[Note: “Tax” is functioning adjectivally rather than imperatively in the above title.]
William Gillis writes today:
A Desperately Needed Note To Anarcho-Capitalists From The Poor
Guys, the more y’all make taxes the center and end-all of your critique the less we give a damn. Some of us don’t make enough to pay them. And some of us have never bothered paying them anyway, especially in states without sales tax. What are they going to do, audit us?
Taxation is simply not on our radar.
The more it matters to you, the less you matter to us.
I think he’s partly right and partly wrong on this.
Where he’s right is that libertarians and anarcho-capitalists too often stress issues affecting the middle class (and all too often the rich!) and say far too little about those affecting the poor.
But my gripelets are these: first, he makes it sound as though “the poor” and “anarcho-capitalists” are non-overlapping groups – whereas I’ve known plenty of desperately poor anarcho-capitalists (and have been one myself, for that matter). And second, he makes it sound as though taxes hurt only those who pay them – whereas every dollar transferred from the voluntary to the coercive sector makes the economy slower, less competitive, and less productive, cements the already-rich in their positions of privilege, depresses wages, increases costs (and thus prices), and makes it harder to start new enterprises, thus closing off the principal means by which the poor can escape poverty (namely either being hired by such enterprises or starting such enterprises themselves).
If taxes aren’t on the poor’s radar, they should be – since those too poor to pay taxes are in fact the principal victims of taxation.
Hey, anarcho-capitalist and poor graduate student on measly stipend (spent three years literally below the poverty line) with medical expenses not adequately covered for right here!
My adviser and I had a discussion about the libertarian place in social class structure. We think libertarians tend to come from lower-middle class backgrounds. Really poor backgrounds often time don’t produce people that get college educated, which is where most people discover libertarianism. As our movement grows, I hope this will change.
And note that of many rich libertarians, quite few started off rich. I think when people start off rich they’re more sympathetic to the status quo – because its not that bad for them.
I guess anarcho-capitalists aren’t the only ones who lose sight of the broader context from time to time.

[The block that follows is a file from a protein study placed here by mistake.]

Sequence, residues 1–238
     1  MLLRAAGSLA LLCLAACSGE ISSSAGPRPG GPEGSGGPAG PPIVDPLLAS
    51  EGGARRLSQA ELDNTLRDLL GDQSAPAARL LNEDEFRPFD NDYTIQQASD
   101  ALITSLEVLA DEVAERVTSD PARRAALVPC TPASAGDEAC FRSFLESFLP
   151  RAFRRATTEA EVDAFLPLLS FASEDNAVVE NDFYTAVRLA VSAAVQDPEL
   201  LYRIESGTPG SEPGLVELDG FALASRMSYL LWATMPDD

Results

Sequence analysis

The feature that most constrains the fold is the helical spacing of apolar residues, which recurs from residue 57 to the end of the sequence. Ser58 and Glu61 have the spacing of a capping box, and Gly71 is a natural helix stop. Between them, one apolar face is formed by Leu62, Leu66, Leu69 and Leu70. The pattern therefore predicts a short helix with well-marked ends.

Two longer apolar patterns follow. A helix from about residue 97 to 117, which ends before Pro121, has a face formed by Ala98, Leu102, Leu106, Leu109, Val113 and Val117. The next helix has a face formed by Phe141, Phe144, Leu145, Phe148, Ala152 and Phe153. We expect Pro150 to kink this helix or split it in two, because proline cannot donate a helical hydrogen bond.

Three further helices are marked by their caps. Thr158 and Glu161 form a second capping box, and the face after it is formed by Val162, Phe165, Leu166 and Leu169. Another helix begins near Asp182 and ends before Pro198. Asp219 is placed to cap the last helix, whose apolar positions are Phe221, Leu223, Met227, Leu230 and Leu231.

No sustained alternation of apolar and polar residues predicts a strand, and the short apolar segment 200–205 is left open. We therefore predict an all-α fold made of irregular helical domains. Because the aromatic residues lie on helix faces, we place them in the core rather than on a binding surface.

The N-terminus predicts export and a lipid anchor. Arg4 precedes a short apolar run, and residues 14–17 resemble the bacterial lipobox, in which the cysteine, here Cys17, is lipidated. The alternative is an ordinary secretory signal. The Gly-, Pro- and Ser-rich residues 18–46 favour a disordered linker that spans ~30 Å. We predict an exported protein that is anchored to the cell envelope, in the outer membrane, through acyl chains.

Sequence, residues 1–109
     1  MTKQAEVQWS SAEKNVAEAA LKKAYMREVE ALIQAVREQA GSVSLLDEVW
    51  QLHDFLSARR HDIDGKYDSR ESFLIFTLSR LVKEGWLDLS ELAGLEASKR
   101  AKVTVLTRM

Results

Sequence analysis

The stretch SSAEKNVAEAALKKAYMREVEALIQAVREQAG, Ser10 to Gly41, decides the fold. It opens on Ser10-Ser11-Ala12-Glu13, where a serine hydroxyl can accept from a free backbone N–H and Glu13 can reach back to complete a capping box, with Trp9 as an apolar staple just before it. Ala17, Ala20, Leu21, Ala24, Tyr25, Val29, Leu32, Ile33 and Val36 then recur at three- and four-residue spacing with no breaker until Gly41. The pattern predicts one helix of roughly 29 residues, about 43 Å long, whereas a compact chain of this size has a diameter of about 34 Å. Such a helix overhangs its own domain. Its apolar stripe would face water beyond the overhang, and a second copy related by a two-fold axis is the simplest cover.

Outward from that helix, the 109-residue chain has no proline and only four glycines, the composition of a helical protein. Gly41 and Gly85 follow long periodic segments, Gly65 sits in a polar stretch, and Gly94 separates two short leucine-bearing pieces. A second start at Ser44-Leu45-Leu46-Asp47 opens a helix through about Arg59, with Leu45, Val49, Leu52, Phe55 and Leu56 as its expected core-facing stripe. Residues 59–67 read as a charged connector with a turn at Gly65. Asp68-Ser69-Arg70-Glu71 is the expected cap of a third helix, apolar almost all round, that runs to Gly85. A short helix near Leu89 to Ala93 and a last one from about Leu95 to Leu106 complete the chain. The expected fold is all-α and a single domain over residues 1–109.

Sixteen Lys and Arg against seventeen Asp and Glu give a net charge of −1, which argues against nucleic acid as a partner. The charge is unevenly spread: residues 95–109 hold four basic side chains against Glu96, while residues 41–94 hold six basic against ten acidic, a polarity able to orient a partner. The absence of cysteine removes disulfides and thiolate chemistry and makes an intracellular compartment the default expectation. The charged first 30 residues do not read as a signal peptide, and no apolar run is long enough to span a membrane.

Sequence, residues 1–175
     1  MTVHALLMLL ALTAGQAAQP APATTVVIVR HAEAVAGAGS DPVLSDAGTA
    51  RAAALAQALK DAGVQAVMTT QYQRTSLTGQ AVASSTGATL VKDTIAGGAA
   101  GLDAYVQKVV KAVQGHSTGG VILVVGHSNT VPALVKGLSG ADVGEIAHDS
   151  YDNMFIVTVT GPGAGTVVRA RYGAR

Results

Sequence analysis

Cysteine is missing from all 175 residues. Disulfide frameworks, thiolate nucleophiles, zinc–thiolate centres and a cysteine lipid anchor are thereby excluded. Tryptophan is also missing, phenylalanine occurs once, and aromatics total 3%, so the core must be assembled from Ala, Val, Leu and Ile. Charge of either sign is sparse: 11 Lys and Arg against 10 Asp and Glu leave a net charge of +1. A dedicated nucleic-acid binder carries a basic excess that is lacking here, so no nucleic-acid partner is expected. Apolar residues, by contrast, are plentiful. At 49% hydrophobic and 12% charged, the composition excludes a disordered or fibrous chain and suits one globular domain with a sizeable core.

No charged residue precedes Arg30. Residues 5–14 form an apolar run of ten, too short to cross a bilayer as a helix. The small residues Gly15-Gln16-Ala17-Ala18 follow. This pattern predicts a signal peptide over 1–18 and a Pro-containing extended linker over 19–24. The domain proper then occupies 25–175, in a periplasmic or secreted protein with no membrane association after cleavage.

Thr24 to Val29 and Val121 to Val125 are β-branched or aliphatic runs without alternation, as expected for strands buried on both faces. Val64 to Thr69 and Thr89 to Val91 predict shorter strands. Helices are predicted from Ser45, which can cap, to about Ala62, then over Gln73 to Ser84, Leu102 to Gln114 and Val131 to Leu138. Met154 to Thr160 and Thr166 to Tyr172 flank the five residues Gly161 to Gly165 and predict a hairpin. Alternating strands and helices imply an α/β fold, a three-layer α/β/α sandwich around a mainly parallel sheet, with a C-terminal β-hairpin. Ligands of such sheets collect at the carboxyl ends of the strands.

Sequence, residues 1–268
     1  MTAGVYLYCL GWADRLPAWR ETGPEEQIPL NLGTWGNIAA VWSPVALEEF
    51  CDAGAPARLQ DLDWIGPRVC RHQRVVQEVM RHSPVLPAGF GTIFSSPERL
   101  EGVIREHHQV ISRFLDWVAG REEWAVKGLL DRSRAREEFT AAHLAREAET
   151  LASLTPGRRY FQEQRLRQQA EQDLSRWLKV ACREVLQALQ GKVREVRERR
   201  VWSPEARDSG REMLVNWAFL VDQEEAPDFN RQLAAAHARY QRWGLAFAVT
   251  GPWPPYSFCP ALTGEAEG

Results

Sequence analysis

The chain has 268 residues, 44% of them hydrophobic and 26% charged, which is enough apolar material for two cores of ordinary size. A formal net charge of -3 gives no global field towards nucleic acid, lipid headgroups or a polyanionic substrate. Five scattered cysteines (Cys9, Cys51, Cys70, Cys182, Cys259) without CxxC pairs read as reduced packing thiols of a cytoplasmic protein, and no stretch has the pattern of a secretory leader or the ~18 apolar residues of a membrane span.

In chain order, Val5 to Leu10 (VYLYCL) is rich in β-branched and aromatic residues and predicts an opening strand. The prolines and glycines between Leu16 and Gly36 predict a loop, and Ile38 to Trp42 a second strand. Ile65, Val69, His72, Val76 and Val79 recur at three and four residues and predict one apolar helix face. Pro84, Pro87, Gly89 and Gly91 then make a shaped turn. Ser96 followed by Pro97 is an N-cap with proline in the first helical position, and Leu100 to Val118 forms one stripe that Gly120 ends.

I certainly agree Roderick, that taxation is bad for everyone and that it is of sharp importance to those in poverty as well. But my outburst has more to do with the default language and strategic approach of most anarcho-capitalists. While on a theoretical level, they’re right, taxation sucks, it’s only such an immediate and prominent expression of the whole system’s oppression for the middle class (and upper working class). So why start there? And, worse, why try inexorably to bring everything back there, even after issues of class and hostility to the rich are apparent in the person you’re preaching at. It only throws the class divisions into sharp relief and alienates the most powerful counter-economic and insurrectionary force around.
While I’m not calling anyone out specifically, and I’m certain that there are financially weak ancaps out there, class is no simple matter of income bracket. There’s all the world of difference between a white college student living alone on 10,000 a year with an extended safety network of family and friends and a single mother of color in the projects on 30,000 a year.
But moreover, when I speak of poverty, I’m speaking more of a culture and framework of perspective that isn’t readily available to the sort of person who might defensively claim that both their parents were “working class.” I’m not saying there isn’t room for understanding–that is after all what I’m advocating!–just that when “the evils of taxation” are the first and last things out of someone’s mouth (and anything else, a hastily tacked on note), it’s clear that they don’t get it.
Sure — I agree with you on all of that.
At the risk of being accused of “not getting it”, I have to say that I consider taxes to be one of the worst evils of government, because the government’s ability to confiscate property from individuals makes so many other abuses possible. How much less war would government be able to wage if they couldn’t force individuals into paying for it? Security forces funded by voluntary contributions would not invest in SWAT equipment and training. The drug war would not be waged. Ect.